That much was made clear last month when Mr. Corbyn said in a TV interview that Brexit would end “the wholesale importation of underpaid workers from Central Europe in order to destroy conditions, particularly in the construction industry.” Although Mr. Corbyn clarified that he blamed employment agencies for this, and not migrants themselves, the formulation, reminiscent of right-wing populist rhetoric about “migrants coming here and taking our jobs,” did not go down well with many people. It is also not true: Research has consistently shown that overall, migrants have little, if any, negative effect on wages or conditions (you can instead blame the recession for that).

In sectors where migrants are used to drive down wages and destroy conditions, this is through a European Union initiative called the Posted Workers Directive, which has been used by unscrupulous employers to bring lower-paid migrants with fewer rights into the workplace. The solution here is not to end the free movement of workers, but to strengthen union rights and enforce existing employment laws; both measures were in the Labour Party’s recent election manifesto.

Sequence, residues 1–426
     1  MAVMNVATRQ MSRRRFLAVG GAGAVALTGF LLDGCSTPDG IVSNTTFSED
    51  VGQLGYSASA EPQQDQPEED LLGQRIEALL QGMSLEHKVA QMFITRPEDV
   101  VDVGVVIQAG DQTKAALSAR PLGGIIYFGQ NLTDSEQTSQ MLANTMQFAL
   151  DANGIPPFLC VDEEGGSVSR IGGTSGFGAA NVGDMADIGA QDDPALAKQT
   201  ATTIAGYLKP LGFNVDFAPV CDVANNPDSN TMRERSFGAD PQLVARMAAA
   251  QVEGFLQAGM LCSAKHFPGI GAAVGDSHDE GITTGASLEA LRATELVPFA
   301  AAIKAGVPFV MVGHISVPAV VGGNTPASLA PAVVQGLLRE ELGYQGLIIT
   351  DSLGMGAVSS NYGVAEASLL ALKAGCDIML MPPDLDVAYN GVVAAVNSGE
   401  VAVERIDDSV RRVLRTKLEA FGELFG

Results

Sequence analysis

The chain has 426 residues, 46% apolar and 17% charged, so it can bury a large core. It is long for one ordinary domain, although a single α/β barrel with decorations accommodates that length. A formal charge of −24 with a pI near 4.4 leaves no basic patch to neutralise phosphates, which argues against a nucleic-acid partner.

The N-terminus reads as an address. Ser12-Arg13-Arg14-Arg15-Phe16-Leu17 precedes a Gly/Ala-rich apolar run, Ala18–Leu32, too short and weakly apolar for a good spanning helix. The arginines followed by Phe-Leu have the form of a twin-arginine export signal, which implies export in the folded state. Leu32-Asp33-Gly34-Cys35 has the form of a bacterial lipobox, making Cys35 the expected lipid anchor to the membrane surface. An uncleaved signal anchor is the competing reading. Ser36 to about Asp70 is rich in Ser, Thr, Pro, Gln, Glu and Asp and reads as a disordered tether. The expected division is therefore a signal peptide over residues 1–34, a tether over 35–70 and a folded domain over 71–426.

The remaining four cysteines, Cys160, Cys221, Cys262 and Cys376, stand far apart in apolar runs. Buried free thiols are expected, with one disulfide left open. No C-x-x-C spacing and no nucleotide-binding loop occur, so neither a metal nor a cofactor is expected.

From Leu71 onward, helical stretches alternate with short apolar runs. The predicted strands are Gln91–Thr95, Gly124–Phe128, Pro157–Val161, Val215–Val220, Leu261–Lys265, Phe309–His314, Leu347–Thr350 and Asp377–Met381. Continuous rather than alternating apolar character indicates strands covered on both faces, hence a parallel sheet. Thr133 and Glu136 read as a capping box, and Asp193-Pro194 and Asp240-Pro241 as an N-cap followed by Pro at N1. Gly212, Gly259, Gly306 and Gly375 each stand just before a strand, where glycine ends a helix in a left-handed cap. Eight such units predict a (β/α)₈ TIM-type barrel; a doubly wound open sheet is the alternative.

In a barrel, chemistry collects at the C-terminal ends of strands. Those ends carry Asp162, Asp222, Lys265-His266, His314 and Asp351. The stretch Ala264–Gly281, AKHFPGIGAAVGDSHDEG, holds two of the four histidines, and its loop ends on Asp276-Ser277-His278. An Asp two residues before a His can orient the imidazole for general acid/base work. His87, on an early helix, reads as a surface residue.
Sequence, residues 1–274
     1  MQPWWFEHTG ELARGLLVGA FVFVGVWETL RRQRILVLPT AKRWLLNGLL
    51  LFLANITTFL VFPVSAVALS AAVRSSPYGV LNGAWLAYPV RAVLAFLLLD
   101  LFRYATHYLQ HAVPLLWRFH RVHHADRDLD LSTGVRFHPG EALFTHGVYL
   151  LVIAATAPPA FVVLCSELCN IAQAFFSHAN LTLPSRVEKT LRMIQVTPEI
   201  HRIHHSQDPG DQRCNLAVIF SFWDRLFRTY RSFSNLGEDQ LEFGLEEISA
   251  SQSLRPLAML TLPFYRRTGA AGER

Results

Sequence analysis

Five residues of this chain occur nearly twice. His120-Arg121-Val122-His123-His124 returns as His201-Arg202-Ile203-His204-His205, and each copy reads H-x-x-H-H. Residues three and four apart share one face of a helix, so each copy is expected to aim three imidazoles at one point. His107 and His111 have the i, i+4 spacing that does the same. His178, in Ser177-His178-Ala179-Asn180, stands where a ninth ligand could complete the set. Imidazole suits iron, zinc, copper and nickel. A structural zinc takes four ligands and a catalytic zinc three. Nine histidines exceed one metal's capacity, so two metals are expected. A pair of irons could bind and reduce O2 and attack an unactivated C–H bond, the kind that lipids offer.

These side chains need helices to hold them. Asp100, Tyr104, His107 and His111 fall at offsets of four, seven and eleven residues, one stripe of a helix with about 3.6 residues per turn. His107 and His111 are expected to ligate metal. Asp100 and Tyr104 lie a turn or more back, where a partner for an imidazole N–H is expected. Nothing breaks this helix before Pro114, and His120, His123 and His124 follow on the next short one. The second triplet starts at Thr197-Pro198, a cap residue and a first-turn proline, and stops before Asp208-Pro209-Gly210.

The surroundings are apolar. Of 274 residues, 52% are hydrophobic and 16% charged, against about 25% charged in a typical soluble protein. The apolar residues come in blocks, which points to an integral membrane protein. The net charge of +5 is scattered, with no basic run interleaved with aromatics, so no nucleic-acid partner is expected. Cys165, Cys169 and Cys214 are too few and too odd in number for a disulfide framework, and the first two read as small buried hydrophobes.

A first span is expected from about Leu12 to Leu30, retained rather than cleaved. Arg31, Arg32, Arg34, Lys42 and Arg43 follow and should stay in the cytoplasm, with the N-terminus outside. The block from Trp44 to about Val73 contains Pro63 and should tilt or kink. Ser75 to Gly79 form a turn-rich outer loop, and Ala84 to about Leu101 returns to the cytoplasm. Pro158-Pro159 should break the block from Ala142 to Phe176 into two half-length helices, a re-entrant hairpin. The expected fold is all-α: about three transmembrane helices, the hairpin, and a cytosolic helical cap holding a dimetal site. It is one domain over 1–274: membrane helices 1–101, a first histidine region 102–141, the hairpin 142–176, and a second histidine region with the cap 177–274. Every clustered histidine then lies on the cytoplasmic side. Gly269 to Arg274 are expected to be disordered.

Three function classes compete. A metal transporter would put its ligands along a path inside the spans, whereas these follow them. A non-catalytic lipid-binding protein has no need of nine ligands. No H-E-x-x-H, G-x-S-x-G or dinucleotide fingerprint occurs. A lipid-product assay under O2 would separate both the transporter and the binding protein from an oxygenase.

It’s easy to see why Labour is choosing to focus on this aspect of immigration: Attacking exploitative bosses is a fit with the party’s framing of wider economic injustice. It’s also understandable why supporters cut Mr. Corbyn some slack on the issue. The veteran left-winger and his allies now in leadership positions have a yearslong record of campaigning on immigrants’ rights — even as previous Labour Party leaders seemingly competed with the Conservatives over who was “tougher” on immigration. That tradition of Labour’s triangulating on the issue was encapsulated by a horrible promotional mug during the 2015 election campaign that bore the slogan “Controls on Immigration,” issued under the former leader, Ed Miliband.

Some sections of the party are still urging Mr. Corbyn to harden his stance on the issue to appease the party’s traditional working-class base — which, according to this analysis, is never as ethnically diverse as, in actual fact, it is. Nevertheless, Labour will need to show how removing from millions of people the right to move and work freely across the European Union is a progressive policy.